Last Updated Jun 5, 2008 11:20 PM EDT
Yunus recaps some of the hoops that had to be jumped through before Grameen Danone could start making high-nutrition, low-cost yogurt in Bangladesh. Capital markets and regulators aren't set up to finance social businesses or to tax them (or exempt them from taxes, as may be the case), and Group Danone had to do yeoman's work with shareholders and regulators, including creating a social mutual fund that did not promise to maximize returns first and foremost. His goal is to expand market capitalism by making the unconventional conventional, working in an idea for a Social Dow Jones Index, Social MBAs and other ideas for increasing the visibility â€" and viability -- of such businesses.
He also has high expectations for turning information technology as an engine for eliminating poverty. His experiences in Bangladesh suggest that the digital divide is not inevitable, and where it exists it does not need to be permanent. He cites the One Laptop Per Child and Intel Classmate PC projects as examples, and throws out a few other ideas that he hopes someone will pursue.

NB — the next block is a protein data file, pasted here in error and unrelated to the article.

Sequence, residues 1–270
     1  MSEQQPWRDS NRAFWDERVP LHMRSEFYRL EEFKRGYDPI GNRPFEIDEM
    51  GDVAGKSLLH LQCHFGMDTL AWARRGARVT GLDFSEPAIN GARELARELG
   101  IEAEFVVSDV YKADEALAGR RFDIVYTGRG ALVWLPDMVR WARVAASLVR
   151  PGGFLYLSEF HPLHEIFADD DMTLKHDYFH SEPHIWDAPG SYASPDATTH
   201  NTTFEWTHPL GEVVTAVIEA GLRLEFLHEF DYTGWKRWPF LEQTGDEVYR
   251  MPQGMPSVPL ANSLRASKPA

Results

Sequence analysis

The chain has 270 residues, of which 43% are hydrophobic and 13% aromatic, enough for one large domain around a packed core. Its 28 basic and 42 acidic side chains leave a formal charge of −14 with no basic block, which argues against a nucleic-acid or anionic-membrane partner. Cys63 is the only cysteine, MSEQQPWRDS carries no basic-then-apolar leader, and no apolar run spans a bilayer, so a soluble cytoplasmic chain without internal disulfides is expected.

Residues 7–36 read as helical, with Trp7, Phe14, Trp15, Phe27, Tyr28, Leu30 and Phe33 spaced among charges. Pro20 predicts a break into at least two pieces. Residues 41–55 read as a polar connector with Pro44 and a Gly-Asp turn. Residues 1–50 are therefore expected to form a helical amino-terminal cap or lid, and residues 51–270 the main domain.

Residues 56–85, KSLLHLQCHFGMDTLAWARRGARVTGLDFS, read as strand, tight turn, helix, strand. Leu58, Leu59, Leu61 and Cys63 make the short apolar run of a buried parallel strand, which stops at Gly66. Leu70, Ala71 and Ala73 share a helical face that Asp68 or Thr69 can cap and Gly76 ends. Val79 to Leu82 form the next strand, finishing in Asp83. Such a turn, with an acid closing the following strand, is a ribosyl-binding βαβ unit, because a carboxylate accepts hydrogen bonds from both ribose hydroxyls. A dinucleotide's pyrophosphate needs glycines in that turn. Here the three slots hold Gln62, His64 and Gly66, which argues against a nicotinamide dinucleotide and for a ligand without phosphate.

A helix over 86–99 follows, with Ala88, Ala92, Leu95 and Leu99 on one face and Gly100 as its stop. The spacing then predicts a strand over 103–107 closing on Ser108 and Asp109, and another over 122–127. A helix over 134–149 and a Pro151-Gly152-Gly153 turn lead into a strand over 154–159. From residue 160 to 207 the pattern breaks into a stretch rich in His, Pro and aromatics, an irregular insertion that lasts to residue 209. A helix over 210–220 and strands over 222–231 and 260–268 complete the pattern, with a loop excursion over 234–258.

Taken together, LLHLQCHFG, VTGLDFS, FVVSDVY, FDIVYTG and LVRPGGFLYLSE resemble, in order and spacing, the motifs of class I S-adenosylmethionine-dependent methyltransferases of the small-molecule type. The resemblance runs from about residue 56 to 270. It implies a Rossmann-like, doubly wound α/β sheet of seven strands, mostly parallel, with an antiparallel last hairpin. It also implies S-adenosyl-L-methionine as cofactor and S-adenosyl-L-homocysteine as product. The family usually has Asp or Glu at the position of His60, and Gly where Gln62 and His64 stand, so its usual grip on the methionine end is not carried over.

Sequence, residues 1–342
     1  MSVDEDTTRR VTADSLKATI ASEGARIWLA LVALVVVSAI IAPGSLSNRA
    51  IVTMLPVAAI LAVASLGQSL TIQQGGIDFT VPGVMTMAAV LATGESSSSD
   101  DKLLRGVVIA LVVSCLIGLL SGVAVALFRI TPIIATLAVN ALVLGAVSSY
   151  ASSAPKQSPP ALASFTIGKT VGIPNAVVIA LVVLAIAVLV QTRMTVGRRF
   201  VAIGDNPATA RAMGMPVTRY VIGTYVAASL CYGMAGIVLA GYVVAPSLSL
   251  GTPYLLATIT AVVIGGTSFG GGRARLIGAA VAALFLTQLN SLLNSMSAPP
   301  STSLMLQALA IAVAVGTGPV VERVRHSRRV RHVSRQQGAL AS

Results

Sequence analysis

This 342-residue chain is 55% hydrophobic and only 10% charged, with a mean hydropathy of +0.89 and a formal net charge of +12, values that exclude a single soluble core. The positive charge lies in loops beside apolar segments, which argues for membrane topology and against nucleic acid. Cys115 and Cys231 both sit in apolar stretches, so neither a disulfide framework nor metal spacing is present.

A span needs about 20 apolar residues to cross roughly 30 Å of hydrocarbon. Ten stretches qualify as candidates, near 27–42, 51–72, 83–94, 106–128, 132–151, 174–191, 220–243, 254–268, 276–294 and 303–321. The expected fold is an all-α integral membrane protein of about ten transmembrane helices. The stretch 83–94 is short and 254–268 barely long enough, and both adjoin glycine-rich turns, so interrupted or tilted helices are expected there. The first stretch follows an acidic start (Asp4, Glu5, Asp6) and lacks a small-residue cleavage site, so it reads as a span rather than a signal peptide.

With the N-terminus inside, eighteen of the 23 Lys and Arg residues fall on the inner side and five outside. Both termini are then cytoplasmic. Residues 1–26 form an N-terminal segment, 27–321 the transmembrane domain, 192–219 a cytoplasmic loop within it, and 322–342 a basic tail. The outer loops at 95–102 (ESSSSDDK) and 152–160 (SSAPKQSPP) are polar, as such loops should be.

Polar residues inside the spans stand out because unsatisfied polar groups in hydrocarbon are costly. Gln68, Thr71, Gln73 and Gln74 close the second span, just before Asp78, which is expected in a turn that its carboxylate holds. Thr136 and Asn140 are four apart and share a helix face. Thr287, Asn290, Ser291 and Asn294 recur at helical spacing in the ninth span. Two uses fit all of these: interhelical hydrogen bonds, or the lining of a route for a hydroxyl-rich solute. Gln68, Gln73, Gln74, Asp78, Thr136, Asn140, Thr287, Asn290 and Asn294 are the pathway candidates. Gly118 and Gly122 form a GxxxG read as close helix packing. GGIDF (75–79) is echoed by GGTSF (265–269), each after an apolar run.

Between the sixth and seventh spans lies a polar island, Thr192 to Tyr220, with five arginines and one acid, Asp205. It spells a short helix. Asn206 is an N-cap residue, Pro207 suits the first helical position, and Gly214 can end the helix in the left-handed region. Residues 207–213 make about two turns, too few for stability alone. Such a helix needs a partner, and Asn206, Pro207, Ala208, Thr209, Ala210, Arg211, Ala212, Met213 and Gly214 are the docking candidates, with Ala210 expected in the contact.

Yunus' vision will either inspire or irritate, because it is an outsized vision â€" a world with no poverty, a capitalism that doesn't weigh only profits â€" that stands outside today's reality. It will make many business people uncomfortable, and many others disdainful. By the end of the book, when he discusses the consumer society and whether it can and should be sustained, and says not in its current form, he will be preaching to a choir, and also to converts. They will all nod their heads in agreement when he writes
"Doing the right thing is no longer merely a matter of making ourselves feel good; it's a matter of survival, for ourselves and for generations to come."
UPDATE: Here is my post Summing up Muhammad Yunus, Creating a World Without Poverty.